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  • Writer's pictureJohn Woodman


From the early 1960s up until advent of the 'light rail' era, Blackpool operated the only electric tram service in the British Isles (with exception of the Manx Electric Railway). Rigby Road's Engineering Workshops were on their own in the absence of any indigenous UK tram builders. Blackpool's trams remain exceptional in their longevity, having been the pioneering UK electric street tramway in 1885 using a third rail power system (conduit) which required expensive investment. Slow and unreliable - the 'horseless' trams were still the wonder of their time. (Below).

From the confined rudimentary depot on Blundell Street the conduit trams were modified for overhead current collection. An important surge in tram numbers came about with extensions to Layton, Marton and services on Lytham Road all prior to World War One. Staff were kept busy adding top covers to open top deck trams - and some times removing them.

Following on The Great War - Blundell Street's limited space and resources were insufficient to deal with a backlog of accumulated rundown trams; nor to take on the forty-one trams acquired by the Corporation in its takeover of the Blackpool & Fleetwood Tramroad Company in 1919. These were all single deck cars, mostly of an open sided design. In addition to designing a 'standard' larger capacity double deck tram able to operate on all services - with exception of the Fleetwood route - an interim solution to the latter was rebuilding several of the former Company cars to an all-enclosed condition - the 'Glasshouses', so named because of their numerous glazed windows utilising all of the side pillars. Two cars of this type were used to test multiple control and braking equipment by the English Electric company: an early example of tram industry cooperation with Rigby Road.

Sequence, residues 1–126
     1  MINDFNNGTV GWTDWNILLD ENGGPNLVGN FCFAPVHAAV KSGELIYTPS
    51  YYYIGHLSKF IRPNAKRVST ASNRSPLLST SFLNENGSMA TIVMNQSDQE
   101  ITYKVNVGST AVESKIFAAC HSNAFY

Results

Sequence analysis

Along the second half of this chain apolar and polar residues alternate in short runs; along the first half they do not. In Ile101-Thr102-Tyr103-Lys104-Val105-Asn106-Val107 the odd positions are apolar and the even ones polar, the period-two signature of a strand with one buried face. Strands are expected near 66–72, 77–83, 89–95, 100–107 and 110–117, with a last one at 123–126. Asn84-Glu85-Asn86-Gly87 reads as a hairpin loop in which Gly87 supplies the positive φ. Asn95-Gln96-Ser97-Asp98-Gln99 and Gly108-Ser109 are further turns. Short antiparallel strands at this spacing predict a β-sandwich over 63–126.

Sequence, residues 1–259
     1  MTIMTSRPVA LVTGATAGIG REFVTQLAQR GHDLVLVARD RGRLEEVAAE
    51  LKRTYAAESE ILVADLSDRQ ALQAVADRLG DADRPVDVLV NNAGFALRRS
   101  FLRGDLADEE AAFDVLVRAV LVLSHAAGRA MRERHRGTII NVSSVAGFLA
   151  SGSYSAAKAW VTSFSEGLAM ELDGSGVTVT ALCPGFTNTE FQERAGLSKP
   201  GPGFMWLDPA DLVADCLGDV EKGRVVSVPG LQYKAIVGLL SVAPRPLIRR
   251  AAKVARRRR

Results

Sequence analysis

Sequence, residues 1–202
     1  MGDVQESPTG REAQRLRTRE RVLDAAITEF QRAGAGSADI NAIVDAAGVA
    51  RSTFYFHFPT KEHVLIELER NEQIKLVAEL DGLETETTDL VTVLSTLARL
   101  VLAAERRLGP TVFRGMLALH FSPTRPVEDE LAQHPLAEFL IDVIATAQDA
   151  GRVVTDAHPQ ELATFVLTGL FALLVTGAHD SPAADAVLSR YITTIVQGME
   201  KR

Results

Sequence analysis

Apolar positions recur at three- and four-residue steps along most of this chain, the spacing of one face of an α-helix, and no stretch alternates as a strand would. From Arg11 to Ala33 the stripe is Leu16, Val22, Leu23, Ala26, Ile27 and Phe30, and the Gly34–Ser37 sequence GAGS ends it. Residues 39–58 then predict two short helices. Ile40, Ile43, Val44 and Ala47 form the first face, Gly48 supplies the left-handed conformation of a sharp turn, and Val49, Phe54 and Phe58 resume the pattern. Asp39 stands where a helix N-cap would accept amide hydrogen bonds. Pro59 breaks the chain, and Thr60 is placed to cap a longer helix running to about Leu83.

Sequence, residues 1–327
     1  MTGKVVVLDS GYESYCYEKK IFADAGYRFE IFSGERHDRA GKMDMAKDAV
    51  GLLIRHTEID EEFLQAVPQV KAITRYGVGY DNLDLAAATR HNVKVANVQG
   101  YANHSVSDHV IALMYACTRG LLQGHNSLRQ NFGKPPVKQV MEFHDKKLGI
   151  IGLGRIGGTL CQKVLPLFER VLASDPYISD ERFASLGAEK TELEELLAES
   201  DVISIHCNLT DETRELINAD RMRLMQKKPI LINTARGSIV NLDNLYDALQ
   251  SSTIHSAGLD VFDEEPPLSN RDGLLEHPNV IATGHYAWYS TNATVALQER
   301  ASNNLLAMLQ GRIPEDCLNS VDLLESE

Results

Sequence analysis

A new and wholesome integrated workshop was built on adjoining Corporation land at Rigby Road by 1922 - creating the basis of the Department's (and Company's) operational hq to the present day. Hardly innovative - but nonetheless reliable and robust; the new Tramcar Workshops constructed from scratch nearly 35 new double deck 'Standard Cars' during the 1920s. These became the year round workhorses (as it were) of the tramway services. Their longevity as summer 'Specials' up to the mid 1960s assured seven examples of iconic status in Blackpool, and museums in the UK and the USA.

Brand new Standard 34 is posed for its formal photo at the north entrance to the Blundell Street Depot. The tramway offices are behind.

Below : Standard 160 is being 'trolleyed' back into Marton Depot off Whitegate Drive in this 1960 image by David Ellor.

Further decades of

innovation and design

would result from the

cramped space in Rigby Road's tram engineering workshop.

Part 2 to follow.

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